While it is clear that the person and work of Jesus Christ is diminished, he is unique among all the other prophets in the Quran. However, since the emphasis is on reciting the ancient Arabic text over and above reading it to understand the meaning, most Muslims miss the uniqueness of Jesus in the Quran. Those who do notice his uniqueness begin to realize that he is more than a mere prophet.

Over a hundred years ago Haji Sultan Mohammed Khan of Afghanistan, began to realize that Jesus is unique. Haji was an Islamic scholar who extensively studied the Quran and traditions of Mohammed. One day Haji read the words of Jesus from the Gospel according the Apostle Matthew which says, “Come to Me, all who are weary and heavy-laden, and I will give you rest.” Haji began reading the New Testament more and he clearly saw that the biblical Jesus is different than the prophet of Islam.

In his written testimony, Haji said this,

    The Messiah claims: “I will give you rest.” He shows how salvation depends on him. He does not merely point to a path which is above or beyond him. But he says “I am the way, and the truth, and the life, no one comes to the Father but by me.” [7]

Haji discovered the truth! He soon dropped his allegiance to Islamic ideology, putting his own life at risk in the process, and became a passionate follower of Jesus the Messiah.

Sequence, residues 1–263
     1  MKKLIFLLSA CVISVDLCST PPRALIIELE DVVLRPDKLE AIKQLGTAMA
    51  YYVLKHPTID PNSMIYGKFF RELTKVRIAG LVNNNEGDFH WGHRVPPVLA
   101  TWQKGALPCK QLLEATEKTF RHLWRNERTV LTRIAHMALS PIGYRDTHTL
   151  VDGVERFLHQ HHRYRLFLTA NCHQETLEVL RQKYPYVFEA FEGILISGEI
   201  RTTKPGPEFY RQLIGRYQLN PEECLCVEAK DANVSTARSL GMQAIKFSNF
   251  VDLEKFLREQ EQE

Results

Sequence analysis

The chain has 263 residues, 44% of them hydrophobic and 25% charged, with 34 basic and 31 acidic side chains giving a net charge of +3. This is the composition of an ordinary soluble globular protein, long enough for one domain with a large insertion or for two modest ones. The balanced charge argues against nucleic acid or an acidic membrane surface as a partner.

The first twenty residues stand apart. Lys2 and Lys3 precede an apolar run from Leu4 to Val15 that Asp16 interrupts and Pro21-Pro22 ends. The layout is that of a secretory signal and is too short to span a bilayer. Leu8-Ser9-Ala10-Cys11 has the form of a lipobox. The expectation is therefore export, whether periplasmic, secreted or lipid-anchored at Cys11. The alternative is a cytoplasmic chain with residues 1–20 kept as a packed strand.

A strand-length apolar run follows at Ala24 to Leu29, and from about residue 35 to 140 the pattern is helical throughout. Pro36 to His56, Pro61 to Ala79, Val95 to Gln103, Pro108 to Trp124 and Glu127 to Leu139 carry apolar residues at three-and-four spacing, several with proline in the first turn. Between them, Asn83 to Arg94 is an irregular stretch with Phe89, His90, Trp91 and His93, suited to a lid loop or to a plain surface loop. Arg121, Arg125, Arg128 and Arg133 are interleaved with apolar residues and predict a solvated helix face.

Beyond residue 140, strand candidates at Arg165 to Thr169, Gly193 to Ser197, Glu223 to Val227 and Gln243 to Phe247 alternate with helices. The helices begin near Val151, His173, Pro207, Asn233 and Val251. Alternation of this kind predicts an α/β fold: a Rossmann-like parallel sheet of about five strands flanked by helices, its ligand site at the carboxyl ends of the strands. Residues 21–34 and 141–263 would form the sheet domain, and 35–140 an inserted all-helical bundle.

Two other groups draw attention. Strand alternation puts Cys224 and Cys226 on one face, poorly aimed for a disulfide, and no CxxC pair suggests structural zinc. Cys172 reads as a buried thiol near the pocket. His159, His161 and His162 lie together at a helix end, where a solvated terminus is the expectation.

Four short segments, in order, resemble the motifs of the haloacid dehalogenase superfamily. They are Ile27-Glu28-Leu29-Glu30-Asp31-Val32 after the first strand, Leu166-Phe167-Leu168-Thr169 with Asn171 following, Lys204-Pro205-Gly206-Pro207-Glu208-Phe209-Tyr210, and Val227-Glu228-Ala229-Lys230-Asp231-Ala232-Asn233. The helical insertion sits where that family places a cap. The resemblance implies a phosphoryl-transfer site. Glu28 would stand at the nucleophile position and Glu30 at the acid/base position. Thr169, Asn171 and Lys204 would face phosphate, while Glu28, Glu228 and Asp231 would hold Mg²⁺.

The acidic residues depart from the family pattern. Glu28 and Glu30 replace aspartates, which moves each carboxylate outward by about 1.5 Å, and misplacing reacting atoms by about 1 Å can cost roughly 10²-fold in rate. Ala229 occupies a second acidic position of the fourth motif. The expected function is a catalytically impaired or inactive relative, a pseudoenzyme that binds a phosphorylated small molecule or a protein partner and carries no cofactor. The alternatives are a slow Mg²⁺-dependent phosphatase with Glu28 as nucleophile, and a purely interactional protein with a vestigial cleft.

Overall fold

Haji’s testimony is proof that Muslims who decide to seriously consider the uniqueness of Jesus can make their greatest discovery: that Jesus himself is the Truth.

The content of this article is based on the training seminar called Jesus in the Quran developed by John Marion. This educational seminar is one of several taught by three different teachers for Truth For Muslims.

[1] Some scholars believe biblical names were changed in the Quran in order to sound more poetic together in the Arabic language: Musa – Isa (Moses and Jesus) rhyme, as do Habil – Kabil (Cain and Abel) and Talut – Jilut (Saul and Goliath).

[2] These verses are: 2:87, 136, 253; 3:45, 52, 55, 59, 84; 4:157, 163, 171; 5:46, 78, 110, 112, 114 116; 6:86; 19:34; 33:17; 42:13; 43:63; 57:27; 61:6, 14.

[3] All Quran references are from the translation by Yusef Ali, distributed in the United States by the Kingdom of Saudi Arabia.

[4] It should be noted that Islamic scholars also reject the biblical trinity: Father, Son and Holy Spirit.

[5] The 8 verses in the Quran that use the title Messiah are: 3:45; 4:156, 169, 170; 5:17, 76, 79; 9:30

[6] The English edition of the Quran here translates the Arabic word masi (المسيح) as Christ.

[7] Available online: